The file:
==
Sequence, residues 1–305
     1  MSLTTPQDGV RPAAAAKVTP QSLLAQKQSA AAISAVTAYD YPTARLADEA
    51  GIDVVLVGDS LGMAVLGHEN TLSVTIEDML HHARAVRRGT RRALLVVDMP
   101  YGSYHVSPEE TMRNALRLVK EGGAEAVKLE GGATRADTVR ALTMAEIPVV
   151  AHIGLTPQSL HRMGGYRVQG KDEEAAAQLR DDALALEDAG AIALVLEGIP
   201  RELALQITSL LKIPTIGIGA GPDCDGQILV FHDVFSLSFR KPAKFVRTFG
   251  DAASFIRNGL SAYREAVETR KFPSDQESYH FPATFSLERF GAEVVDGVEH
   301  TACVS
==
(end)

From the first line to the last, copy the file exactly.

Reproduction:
Sequence, residues 1–305
     1  MSLTTPQDGV RPAAAAKVTP QSLLAQKQSA AAISAVTAYD YPTARLADEA
    51  GIDVVLVGDS LGMAVLGHEN TLSVTIEDML HHARAVRRGT RRALLVVDMP
   101  YGSYHVSPEE TMRNALRLVK EGGAEAVKLE GGATRADTVR ALTMAEIPVV
   151  AHIGLTPQSL HRMGGYRVQG KDEEAAAQLR DDALALEDAG AIALVLEGIP
   201  RELALQITSL LKIPTIGIGA GPDCDGQILV FHDVFSLSFR KPAKFVRTFG
   251  DAASFIRNGL SAYREAVETR KFPSDQESYH FPATFSLERF GAEVVDGVEH
   301  TACVS